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Surprise; You’ll Want In On This!

November 21, 2018– This was a really fun idea for us to come up with and I’m so excited to share it with you guys! Pandamonium Publishing House is offering you a chance to read what we’re reading each month with a surprise book, mailed right to your home. Currently, this option is for adults only, but I’m sure we’ll have something for kids in the works, soon!

We read a ton of books around here, last year the total was sixty! We read everything from non-fiction, self-help, business development, mystery, romance, thrillers, all types of fiction, and basically anything that we can get our hands on.

Our surprise book is shipped out every month on the 5th. Your book comes gift wrapped for an extra element of fun! Here’s how the program works:

  1. Go to SHOP at the top of this page
  2. Click on the MYSTERY BOOK OF THE MONTH option
  3. Enter your payment and shipping info
  4. Wait for your surprise book to come in the mail

That’s it! Pretty simple and there are no subscriptions required if you want to join one month but not the next, no problem, the choice is yours!

As an added bonus, there will be a list of questions emailed to you for discussion with us or your book club. We’ll review each book on our site as well. This makes a fabulous and unique gift for the hard to buy for person in your life…we all have one;)

Here’s to making reading exciting,

X LLB

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E-Books Vs. Print (Are Print Books a Dying Breed?)…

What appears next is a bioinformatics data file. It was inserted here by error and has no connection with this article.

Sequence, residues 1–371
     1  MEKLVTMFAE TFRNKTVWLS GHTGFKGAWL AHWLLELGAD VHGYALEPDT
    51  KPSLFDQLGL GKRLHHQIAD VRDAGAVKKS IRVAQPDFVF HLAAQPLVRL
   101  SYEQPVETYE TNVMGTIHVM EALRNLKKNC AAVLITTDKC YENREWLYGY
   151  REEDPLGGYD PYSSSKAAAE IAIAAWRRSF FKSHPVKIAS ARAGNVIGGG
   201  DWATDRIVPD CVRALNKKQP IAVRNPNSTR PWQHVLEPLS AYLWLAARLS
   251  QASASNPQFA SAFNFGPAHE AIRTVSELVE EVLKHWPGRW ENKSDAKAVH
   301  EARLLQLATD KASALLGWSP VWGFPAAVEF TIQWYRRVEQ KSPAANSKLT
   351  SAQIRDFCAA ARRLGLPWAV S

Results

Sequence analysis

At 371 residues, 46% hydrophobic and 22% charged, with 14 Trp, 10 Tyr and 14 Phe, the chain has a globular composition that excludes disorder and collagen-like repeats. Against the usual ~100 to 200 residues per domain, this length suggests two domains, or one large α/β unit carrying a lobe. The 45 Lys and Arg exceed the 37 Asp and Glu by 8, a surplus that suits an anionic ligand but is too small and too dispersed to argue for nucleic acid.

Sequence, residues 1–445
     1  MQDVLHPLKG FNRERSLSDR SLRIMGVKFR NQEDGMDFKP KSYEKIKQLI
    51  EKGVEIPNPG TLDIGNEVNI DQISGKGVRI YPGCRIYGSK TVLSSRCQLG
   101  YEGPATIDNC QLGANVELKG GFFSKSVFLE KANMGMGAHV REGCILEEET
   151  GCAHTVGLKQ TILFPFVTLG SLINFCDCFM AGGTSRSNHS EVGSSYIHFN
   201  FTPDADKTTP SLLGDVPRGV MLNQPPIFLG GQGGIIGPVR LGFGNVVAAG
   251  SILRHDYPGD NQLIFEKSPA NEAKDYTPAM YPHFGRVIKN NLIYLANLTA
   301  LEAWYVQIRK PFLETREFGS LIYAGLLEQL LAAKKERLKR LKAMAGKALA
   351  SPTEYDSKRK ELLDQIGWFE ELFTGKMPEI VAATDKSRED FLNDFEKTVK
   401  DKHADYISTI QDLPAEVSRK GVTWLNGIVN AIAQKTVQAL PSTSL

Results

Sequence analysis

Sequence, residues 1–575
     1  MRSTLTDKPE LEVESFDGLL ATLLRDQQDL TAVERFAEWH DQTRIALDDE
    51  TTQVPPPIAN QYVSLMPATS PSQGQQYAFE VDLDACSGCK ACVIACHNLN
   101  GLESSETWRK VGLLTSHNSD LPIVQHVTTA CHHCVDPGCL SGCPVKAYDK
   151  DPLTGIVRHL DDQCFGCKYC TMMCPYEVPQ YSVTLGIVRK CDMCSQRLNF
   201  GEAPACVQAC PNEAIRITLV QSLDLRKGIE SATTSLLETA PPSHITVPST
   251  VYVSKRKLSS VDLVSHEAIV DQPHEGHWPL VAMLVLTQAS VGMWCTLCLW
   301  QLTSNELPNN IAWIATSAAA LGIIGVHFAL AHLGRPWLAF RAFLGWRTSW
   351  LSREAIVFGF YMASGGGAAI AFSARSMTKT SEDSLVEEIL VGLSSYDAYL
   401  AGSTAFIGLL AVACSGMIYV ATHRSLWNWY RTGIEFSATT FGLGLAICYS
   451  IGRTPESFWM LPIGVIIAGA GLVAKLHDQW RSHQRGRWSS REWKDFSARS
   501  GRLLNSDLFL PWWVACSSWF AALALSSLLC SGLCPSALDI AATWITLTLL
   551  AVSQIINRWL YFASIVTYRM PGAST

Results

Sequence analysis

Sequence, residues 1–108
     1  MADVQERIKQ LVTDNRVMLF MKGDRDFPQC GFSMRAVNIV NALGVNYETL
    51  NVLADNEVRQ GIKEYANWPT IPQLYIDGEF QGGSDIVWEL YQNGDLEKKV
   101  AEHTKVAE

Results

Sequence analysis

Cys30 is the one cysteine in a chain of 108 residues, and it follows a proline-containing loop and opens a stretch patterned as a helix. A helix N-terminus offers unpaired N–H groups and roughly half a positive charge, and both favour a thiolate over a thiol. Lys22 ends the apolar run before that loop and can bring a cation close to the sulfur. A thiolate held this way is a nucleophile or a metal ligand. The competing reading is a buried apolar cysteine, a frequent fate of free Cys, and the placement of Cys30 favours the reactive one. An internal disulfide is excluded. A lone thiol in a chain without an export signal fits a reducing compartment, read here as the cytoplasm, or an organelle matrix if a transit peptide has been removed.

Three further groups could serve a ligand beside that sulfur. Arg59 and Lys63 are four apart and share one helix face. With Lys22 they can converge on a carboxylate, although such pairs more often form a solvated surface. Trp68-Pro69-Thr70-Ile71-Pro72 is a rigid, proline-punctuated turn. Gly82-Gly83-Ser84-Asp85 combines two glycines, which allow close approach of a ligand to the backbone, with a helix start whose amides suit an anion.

November 5, 2018- It really depends on the generation that you grew up in as to how you answer the question above! I personally think that e-books have their place in the world, but nothing beats a paperback.

I love e-books for specific things, especially non-fiction because quite rarely do I ever read a non-fiction book from cover to cover. I end up skimming the pages for the information I need, highlighting it, and then leaving with the info that I came for. It’s easy and free when you subscribe to something like Kindle unlimited.

That being said, nothing beats the smell of a paper book. The feeling of turning the pages, the sound of the pages turning, folding down the corner of the page to mark where you left off (I know, I’m a monster!), and the kinesthetic involvement of the entire experience is the absolute best. E-books don’t hold a candle to traditional paper in my opinion.

Now, I know what some of you are going to say, “But I love my Kindle for the portability of the books when I go on vacation!” Yes, I do too, but if I could bring along seven or eight of my favourite paperbacks without taking up too much room in my suitcase, I would.

Let’s look at some reasons why paperbacks are making a come back.

  1. Physical books make a better gift. When was the last time that you gifted someone an e-book? That’s what I thought, probably never. There’s something about the process of wading through a bookstore to find the perfect book for someone you love. They open the gift bag or tear off the wrapping paper and immediately flip the book over to read the back cover, then they thumb through the pages and tell you that they can’t wait to snuggle up and read it tonight!